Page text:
As children's theatre facilitator, she has worked with UWI’s Creative Arts Centre, and The Trinidad Theatre Workshop. As an actor, Joanne was last seen on stage in Walcott’s Remembrance, which the Nobel Laureate himself directed in St. Lucia and in Trinidad; and on the small screen in the ever-popular Earth TV Caribbean soap series, Westwood Park. These days Joanne tours schools and libraries regionally, and recently visited St. Maarten and The Bahamas.

In 2009, she authored a tertiary level course in Creativity for CREDI - Catholic Institute. Last year, 2010, St. Francois Girls’ College produced her young adult play The Last of the Super Models, which she also directed, on a national stage at Queen’s Hall. In the 90s, her company SUN TV LTD pioneered indigenous cable television in Trinidad producing over 700 hours of 100% Caribbean content; and in 2003 created www.caribbeanchildren.com: The First Ever Website for Caribbean Children.

This year SUN TV launched its own imprint Meaningful Books with its inaugural title Pink Carnival. Joanne’s work is generously supported by the NGO, Creative Parenting for the New Era: "We are convinced that Joanne's focus on nurturing the emotional intelligence of children through her books is a powerful contradiction of the violence many children experience daily in their homes, schools, on the streets and in the media." Joan Bishop MA, CEO


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January 25, 2011

New Book: Mapmaker: Kwame Dawes and the Caribbean Literary Aesthetic

The first literary critical monograph on one of the most significant and influential figures in contemporary Caribbean writing, this unique study examines the connections between Kwame Dawes' diverse publications and offers insightful and sensitive readings of Dawes' core work. First introducing his literary career and providing a brief biography, the resource goes on to give commentary on A Far Cry from Plymouth Rock, his memoir, and discusses the literary and cultural influences that helped shape his writing aesthetic. The guide also examines his poetry, religious influences and symbols in his writing, and the use of Africa as a spiritual locus that, alongside the Bible, centers the identity of his characters. Rounding out the comprehensive volume are chapters on Dawes' representations of women and the feminine—with emphasis placed on his poetry collections Wisteria and Midlands—the role of landscape and physicality in his poetry, and a thorough examination of Dawes as the new voice of the Caribbean.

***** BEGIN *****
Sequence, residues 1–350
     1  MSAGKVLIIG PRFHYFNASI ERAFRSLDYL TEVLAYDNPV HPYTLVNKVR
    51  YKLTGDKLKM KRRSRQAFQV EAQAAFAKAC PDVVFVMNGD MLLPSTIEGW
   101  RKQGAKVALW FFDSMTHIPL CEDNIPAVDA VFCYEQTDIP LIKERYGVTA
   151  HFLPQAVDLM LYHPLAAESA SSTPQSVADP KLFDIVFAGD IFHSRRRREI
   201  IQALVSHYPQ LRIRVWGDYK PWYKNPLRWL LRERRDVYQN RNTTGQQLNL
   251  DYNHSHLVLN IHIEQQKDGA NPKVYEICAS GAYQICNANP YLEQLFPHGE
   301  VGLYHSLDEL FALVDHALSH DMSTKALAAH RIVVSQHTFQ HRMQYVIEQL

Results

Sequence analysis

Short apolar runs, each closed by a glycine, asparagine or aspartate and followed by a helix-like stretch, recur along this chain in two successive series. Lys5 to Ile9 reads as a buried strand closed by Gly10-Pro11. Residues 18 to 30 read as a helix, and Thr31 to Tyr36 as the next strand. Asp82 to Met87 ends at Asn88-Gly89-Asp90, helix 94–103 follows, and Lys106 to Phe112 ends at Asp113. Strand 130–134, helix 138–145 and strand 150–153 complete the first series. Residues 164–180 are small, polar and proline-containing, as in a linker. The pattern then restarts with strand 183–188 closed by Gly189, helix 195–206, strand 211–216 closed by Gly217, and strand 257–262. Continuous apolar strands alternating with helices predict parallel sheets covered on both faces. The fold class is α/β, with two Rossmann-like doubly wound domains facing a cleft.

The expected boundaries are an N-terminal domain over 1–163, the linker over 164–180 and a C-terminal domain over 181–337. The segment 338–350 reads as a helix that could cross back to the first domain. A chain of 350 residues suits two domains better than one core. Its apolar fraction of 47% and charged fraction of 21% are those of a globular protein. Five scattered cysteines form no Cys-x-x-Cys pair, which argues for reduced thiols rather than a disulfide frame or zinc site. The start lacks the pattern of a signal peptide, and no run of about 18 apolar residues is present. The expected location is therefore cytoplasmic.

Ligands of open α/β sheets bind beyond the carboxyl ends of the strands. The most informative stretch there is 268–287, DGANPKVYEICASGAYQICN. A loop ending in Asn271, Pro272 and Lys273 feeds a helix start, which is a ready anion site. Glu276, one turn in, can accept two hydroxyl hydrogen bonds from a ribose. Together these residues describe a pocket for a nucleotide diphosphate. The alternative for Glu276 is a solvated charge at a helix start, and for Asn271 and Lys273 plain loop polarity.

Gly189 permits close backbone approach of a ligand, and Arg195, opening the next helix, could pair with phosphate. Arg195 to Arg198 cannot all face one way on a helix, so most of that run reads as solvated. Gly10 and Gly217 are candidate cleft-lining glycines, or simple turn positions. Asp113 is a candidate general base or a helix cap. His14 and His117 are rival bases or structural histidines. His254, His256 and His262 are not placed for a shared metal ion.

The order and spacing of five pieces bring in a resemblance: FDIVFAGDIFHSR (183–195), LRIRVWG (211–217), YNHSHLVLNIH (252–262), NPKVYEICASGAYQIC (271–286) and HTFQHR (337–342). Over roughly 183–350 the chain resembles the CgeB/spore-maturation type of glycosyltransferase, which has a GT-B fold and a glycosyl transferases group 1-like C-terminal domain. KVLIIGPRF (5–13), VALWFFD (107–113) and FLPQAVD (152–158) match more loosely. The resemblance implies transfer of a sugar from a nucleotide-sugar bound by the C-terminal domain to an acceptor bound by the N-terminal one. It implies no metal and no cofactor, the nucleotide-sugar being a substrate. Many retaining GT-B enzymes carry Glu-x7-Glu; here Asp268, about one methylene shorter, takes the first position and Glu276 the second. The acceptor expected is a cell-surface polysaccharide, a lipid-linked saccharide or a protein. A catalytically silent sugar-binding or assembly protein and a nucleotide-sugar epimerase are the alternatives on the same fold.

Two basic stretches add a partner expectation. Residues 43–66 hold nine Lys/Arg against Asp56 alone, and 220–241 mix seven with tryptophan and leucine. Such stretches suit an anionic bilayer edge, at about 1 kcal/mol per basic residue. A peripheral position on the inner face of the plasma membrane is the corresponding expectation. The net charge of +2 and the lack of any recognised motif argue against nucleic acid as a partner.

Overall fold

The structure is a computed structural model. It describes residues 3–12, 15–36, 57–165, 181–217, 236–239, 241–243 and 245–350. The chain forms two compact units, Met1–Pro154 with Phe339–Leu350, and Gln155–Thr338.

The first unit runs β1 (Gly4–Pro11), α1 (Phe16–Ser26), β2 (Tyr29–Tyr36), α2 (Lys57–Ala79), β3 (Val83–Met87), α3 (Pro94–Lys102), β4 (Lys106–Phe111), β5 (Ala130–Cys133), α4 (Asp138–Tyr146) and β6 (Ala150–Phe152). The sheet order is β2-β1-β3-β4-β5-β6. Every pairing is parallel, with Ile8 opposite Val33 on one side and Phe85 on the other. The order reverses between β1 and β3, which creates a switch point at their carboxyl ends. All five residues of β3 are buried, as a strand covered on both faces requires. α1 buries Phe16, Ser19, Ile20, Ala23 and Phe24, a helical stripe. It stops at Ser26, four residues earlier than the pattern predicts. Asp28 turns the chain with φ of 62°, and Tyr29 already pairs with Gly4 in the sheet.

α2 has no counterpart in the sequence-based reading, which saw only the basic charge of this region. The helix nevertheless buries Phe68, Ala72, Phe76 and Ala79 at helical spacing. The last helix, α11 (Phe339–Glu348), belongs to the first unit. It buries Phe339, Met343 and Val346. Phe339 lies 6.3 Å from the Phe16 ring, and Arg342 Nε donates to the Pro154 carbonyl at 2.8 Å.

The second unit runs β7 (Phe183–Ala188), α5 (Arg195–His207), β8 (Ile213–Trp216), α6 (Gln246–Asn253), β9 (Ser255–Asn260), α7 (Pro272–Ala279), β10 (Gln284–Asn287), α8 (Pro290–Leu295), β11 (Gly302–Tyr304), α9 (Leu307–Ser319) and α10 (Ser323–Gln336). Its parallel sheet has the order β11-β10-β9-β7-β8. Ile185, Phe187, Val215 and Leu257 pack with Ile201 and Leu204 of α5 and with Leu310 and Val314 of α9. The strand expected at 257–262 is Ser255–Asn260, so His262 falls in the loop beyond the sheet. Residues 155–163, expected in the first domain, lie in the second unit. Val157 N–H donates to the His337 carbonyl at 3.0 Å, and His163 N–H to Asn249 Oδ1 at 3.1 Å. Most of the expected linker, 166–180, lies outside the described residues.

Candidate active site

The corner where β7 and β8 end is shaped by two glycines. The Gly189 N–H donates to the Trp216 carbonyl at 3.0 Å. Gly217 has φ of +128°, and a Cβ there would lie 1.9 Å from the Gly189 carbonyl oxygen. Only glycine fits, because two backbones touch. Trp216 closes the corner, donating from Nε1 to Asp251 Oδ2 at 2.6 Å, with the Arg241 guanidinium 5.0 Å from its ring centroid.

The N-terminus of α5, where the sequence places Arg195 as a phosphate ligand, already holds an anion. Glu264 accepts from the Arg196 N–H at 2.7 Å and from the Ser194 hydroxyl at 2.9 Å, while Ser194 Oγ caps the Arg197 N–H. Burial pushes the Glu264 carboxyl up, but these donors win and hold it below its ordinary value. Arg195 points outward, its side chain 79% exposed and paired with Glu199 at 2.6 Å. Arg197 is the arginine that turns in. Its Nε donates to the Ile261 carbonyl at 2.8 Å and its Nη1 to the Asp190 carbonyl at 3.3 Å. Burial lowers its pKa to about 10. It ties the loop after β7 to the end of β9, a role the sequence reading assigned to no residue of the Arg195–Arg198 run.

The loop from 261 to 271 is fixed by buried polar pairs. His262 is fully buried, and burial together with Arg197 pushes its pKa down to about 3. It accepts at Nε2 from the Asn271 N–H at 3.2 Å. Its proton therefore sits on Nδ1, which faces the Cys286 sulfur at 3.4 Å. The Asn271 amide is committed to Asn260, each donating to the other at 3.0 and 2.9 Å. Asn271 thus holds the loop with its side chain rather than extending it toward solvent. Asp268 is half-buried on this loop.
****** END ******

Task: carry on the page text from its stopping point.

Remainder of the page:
About theCorinna McLeod 

Corinna McLeod is an assistant professor of English at Grand Valley State University, where she teaches courses in world mythology and world literatures in English. Her research centers on postcolonial theory, ecocriticism, and questions of national identity in literature. She has been published in Small Axe. She lives in Allendale, Michigan.


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January 24, 2011

Derek Walcott Wins TS Eliot Prize

In a "bumper year" for English-language poetry, Nobel laureate Derek Walcott, who was embroiled in scandal two years ago, was tonight named winner of the TS Eliot prize for the best new collection of poems published in the UK or Ireland.